Monday, April 27, 2009

The Swallows of Avimor

I have been anxiously awaiting the return of the swallows to the Avimor Town Lakes. Last year there were hundreds of them during the Spring and Summer months. Swallows are very beautiful as you will see from the pictures below. It just takes some patience to enjoy the varieties of color and species.

On Friday morning, 24 April 2009, while I was moving into my new Avimor home, I saw a couple dozen swallows swooping over the ponds. By that afternoon they were gone. I havenn't see them all weekend, nor today. Weird!

Anyway, so when the swallows do make their seasonal return and stay for a few months, here are some identification tips to help you figure out what we are seeing. Focus on color pattern and tail shape and that'll get most of them.

The Barn Swallow is probably our 2nd most predominant swallow at Avimor.
Our most numerous swallow

Wednesday, April 22, 2009

House Finch Hatchlings & Owl Info

The House Finch eggs on the back of the Liberton model home have hatched. These are the first spring baby birds at Avimor that I have seen.

I've been expecting to see owl hatchlings by now. I see that Momma-Owl is sitting higher in her nest and it just may be that she is sitting on small chicks. I found this cool info on

Normally, two to four eggs are laid and incubated by the female only for 26-35 days. Young start roaming from the nest onto nearby branches at 6 to 7 weeks, when they are called "branchers", but cannot fly well until 9 to 10 weeks old. They are fed for another few weeks as they are slowly weaned. Families remain loosely associated during summer before young disperse in the autumn. Adults tend to remain near their breeding areas year-round while juveniles disperse widely, over 250 km (150 miles) in the autumn. Territories are maintained by the same pair for as many as 8 consecutive years, however, these Owls are solitary in nature, only staying with their mate during the nesting season.

I first saw Momma-Owl on the nest on March 18th so we are now coming up on the week where the owls should hatch.

Monday, April 20, 2009

Roof-top Birds

Over the last couple of days I have been noticing the birds up on the roofs of the homes at Avimor. Robins are regulars on the roofs. The pair of Say's Phoebes are still flitting about the roof tops. Occasionally I'll see Kestrels, Starlings, and Red-Winged Blackbirds up on the roofs too. But the two most interesting that I have seen in the last two days were Killdeer and Quail, birds which are most commonly found on the ground. The California Quail were on top of the Sales Office roof this morning when I came to unlock and I have seen the Killdeer on a couple of different homes. Strange behavior!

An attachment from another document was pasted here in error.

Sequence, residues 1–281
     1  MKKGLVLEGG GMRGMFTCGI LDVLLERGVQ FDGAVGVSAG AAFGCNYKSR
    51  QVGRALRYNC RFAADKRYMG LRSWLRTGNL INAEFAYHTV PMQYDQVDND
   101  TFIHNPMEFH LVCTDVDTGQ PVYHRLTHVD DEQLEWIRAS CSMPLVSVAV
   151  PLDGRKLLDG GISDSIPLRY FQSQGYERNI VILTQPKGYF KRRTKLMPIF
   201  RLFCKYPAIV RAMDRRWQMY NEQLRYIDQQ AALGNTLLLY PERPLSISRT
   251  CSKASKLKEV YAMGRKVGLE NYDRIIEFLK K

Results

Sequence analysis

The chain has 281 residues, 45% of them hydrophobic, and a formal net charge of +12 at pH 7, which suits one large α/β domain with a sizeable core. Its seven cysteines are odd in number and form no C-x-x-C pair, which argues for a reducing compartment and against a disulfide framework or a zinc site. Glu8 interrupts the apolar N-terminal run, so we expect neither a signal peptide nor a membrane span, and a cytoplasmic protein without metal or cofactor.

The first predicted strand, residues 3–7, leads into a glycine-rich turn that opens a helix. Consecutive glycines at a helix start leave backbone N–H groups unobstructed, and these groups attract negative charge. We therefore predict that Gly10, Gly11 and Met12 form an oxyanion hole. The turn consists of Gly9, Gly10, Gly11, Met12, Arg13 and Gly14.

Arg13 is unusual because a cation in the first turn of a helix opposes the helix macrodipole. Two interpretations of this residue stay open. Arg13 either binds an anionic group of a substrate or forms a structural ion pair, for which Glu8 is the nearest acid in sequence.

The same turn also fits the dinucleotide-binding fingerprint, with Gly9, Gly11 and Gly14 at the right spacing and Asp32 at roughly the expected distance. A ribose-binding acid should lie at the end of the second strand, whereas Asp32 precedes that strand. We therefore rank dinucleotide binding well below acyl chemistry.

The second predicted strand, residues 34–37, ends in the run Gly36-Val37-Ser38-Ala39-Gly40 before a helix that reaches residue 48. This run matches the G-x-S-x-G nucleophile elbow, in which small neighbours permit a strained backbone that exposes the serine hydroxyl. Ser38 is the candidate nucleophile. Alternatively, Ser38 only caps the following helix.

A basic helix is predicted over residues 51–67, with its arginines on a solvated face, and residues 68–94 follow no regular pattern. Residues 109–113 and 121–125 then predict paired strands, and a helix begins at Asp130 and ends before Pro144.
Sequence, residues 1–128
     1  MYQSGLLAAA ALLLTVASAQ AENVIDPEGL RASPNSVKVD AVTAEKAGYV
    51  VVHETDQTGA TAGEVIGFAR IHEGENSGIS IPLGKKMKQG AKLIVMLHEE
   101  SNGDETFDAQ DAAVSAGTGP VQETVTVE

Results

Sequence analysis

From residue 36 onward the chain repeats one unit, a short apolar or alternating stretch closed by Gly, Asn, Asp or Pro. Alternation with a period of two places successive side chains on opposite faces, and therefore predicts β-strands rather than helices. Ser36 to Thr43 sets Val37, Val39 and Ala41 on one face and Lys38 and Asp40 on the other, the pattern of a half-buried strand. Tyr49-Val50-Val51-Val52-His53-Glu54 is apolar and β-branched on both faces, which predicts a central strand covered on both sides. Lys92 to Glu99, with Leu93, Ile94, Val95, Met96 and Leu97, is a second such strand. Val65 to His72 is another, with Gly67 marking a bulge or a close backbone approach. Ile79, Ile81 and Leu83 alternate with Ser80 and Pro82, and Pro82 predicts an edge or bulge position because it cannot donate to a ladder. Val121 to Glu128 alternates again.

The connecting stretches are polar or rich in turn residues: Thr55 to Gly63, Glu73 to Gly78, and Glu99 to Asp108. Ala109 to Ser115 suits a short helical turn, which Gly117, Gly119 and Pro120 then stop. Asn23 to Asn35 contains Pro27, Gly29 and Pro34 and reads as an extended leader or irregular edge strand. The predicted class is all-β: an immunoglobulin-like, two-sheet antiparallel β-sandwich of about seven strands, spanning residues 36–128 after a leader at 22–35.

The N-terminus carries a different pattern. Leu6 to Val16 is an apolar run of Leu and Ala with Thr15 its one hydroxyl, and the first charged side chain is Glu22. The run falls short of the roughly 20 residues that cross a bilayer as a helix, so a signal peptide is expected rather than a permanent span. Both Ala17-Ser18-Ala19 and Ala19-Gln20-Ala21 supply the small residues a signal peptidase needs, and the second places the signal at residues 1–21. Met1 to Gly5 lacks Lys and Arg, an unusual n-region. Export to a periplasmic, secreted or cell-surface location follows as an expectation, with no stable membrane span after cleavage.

Thursday, April 16, 2009

Nesting Activity

I have been able to observe a Red-Tailed Hawk nesting high atop the power pole across from the Avimor Water Reclamation building. If you have a spotting scope, you can see it really well. I believe a pair of Red-Tailed Hawks are nesting up in some taller trees in the draw running east of the water reservoir.

Momma-Owl is still sitting diligently on her nest. I'm so anxious to see the chicks.

For the second year in a row, a House Finch has nested in the fireplace vent of the Liberton Model home. We don't use the fireplace, so there is no danger. I removed the old nest and tried to block them, but within a week a new nest was built with eggs in it, so we'll wait until the finch chicks fledge and I'll take more permanent measures to keep nests out of where they shouldn't be.

The Robins seem to have found some nest sights in various trees around the model homes and along the creek.

Eurpeon Starlings have created a nest in our framing contractors crane. We'll see how long they last there. Almost every tree cavity along the creek has a Starling nest in it.

It shouldn't be long before the Orioles and Swallows are back and nesting too.

Monday, April 13, 2009

April Bird Walk Report

Special thanks again to Michael Wiegand for conducting the birdwalk in my absence. It sounds like it was a good one with the new Avimor resident kids becoming familiar with the beautiful birds and plants all around them.
Here are the birds Michael reports as being seen during the walk: